Written by Dr. Abdul Aziz Salar, MBBS | 
Medically Reviewed by dr. simi paknikar, MD on Nov 06, 2014

Diagnosis and Treatment of Skull Fractures

Diagnosis of Skull Fractures

Skull fractures are diagnosed based on physical examination and imaging studies like CT scans.


In most cases, the diagnosis of skull fractures is straight forward.

  • In almost all cases of trauma, the ATLS (Advanced Trauma Life Support) protocol is used to quickly assess the patient and to provide specialized emergency care if required.
  • A thorough physical examination focusing on the skull, and all other parts of the body to rule out other injuries is essential.
  • A CT scan is often ordered to precisely identify the site, extent and complications of the fracture.
  • 3D CT scans are now used extensively for their accuracy and ease of interpretation.
  • X ray of the skull may also be taken as an alternative, when CT facility is lacking.
Diagnosis of Skull Fractures: X-ray
  • MRI of the brain is done if complications to the soft tissues are suspected.
  • Routine blood investigations are done to rule out infections and if some underlying pathology is suspected.
  • Tests for CSF leak from basilar fractures include– “halo” sign on a tissue paper, glucose and tau-transferrin levels in the fluid.

Treatment of Skull Fracture and Recovery

Treatment of skull fractures depends on the type, severity and complications of the fracture. Most mild fractures are managed conservatively. Fractures causing complications are treated surgically.

In any case of skull fracture, the primary aim of treatment is to stabilize the patient. After stabilization, the decision of which treatment, if any, for the skull fracture, is taken. Majority of skull fractures do not require any specific treatment. The decision to treat a patient specifically for a skull fracture depends on various issues, such as the type, severity and complications of the fracture, as well as the age and overall health of the patient. Medical treatment for all types of fractures includes reducing pain, promoting healing and preventing complications, and tetanus toxoid injection to prevent tetanus infection.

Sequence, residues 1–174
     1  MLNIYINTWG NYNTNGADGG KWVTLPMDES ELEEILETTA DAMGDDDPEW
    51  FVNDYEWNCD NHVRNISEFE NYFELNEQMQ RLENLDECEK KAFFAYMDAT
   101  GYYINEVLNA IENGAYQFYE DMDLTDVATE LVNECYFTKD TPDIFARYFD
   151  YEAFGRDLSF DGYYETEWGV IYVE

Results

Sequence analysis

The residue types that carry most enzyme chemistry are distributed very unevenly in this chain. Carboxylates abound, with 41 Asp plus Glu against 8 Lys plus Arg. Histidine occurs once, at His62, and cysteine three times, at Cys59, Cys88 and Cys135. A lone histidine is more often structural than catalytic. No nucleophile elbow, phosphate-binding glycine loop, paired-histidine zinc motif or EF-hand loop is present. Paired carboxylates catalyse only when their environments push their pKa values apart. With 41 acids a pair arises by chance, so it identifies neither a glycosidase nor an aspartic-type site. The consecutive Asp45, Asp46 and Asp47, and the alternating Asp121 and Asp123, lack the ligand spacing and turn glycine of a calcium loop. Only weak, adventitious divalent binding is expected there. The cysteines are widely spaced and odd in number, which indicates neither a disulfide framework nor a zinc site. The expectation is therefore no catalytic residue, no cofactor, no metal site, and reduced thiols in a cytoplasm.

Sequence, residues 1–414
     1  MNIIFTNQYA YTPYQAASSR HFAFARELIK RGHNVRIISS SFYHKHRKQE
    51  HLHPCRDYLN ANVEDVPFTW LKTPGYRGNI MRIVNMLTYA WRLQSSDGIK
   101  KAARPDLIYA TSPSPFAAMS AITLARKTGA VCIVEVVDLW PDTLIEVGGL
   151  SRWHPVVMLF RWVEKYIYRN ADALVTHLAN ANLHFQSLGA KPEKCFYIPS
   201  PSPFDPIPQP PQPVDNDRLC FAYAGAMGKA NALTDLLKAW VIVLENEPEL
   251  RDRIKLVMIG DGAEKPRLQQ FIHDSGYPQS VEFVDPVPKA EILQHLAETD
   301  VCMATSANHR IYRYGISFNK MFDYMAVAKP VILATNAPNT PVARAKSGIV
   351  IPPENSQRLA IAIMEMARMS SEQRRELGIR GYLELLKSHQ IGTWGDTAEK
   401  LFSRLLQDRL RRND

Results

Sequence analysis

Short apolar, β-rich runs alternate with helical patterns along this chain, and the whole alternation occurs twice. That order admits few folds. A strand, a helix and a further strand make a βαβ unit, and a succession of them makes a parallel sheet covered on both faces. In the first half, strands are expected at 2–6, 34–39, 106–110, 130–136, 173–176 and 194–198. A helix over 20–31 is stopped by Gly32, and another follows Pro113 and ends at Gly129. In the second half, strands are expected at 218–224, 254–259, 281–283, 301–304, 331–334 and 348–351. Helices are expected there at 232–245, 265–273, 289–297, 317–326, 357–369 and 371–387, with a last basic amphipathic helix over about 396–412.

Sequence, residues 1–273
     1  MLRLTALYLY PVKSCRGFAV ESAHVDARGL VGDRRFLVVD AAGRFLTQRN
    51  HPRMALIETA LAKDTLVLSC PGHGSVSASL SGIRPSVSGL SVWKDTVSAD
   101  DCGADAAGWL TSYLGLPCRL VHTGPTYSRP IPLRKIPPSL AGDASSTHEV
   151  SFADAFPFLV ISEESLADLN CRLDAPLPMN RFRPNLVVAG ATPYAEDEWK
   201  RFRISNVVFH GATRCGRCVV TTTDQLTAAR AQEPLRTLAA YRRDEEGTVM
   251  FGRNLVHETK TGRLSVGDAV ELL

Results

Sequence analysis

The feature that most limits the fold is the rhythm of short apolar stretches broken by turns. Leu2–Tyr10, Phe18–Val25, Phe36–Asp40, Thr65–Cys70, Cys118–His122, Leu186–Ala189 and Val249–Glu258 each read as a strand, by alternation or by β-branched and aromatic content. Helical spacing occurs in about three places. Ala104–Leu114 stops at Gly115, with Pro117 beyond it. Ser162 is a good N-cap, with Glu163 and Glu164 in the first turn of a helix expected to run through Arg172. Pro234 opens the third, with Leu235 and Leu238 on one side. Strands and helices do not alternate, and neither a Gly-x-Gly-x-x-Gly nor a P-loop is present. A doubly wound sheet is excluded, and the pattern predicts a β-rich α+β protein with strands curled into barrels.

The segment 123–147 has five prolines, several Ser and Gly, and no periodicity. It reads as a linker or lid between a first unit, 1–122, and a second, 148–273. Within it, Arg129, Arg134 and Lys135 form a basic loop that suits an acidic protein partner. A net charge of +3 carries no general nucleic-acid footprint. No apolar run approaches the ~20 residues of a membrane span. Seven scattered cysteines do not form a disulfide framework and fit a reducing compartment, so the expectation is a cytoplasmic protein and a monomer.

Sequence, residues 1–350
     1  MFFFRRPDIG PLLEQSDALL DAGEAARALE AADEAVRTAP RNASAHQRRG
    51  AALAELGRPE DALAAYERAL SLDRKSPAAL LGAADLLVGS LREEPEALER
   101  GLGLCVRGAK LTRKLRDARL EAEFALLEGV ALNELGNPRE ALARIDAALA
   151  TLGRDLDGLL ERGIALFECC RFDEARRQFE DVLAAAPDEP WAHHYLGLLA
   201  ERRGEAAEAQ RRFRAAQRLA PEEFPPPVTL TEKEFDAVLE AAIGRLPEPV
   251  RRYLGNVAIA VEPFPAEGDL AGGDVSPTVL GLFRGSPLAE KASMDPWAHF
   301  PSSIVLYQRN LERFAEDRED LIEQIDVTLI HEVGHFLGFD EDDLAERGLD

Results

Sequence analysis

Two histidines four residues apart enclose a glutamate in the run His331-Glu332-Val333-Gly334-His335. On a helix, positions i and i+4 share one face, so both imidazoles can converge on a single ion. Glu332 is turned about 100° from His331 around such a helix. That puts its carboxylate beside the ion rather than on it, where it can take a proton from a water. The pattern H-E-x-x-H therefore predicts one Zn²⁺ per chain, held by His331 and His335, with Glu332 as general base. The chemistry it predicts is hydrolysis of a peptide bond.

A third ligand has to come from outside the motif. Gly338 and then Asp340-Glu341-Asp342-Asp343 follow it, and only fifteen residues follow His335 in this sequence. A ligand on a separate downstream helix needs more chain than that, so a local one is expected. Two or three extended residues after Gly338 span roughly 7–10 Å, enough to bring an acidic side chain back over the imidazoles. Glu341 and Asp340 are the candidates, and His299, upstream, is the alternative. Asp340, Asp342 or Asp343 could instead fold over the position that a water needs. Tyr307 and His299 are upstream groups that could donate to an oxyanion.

Treatment for specific types of fractures is as follows:

  • 1. Linear fractures
    • Adults with simple linear fractures, with no complications may not need any specific treatment.
    • Children with simple fractures need to be admitted and observed for complications.
  • Depressed fractures may lead to neurological symptoms and are hence more often managed surgically. Elevation of the depressed fraction of the skull is performed. On some occasions, if the underlying brain is damaged, craniectomy is performed, followed by cranioplasty later.
Treatment of Skull Fractures: Surgery
  • Basilar fractures that cause loss of CSF from the nose may heal spontaneously. If the CSF leak is large, or sustained for a long time, a drainage tube may be inserted or surgical correction may be done.
  • Comminuted fractures are treated surgically if the fragments of the fracture are displaced, or cause symptoms.

In all complicated and/or unstable fractures, treatment must be directed at the complications also.

Recovery from skull fractures

Recovery to full functional status is usually the norm, if there is no neurological damage or other complications

Recovery from Skull fractures
  • Post-injury concussions usually resolve spontaneously on their own. Sometimes, they may persist for weeks
  • Neurological deficit due to fractures is a very difficult complication to handle. If the deficit is due to pressure on the nerve, it may resolve on its own. If the deficit is due to a cut of the nerve, the function of the nerve may be permanently lost
  • Direct brain damage by skull fracture may also cause potentially debilitating long term effects.

References:

  1. Skull Fractures - (https://www.healthline.com/health/skull-fracture#Overview1)
  2. Skull Fracture - (https://emedicine.medscape.com/article/248108-overview)
  3. Basal skull fracture and the halo sign - (https://www.ncbi.nlm.nih.gov/pmc/articles/PMC3602259/)

Comments

Moavia Friday, December 26, 2014

I had head injury in April 2008 and suffered loss of memory but recovered soon. The fol symptoms still persist

a. I have lost my concentration to an extent that i have to focus my self deliberately to understand 4 lines script and to assimilate it while before the injury i used to have glimpses of any script and comprehension of it immediately

b. My retention power is almost lost i have to work so hard to memorize something

c. i have developed stiff neck forever around the neck pain feel like muscles stiffened even on right shoulders

Plz guide me if there is a solution

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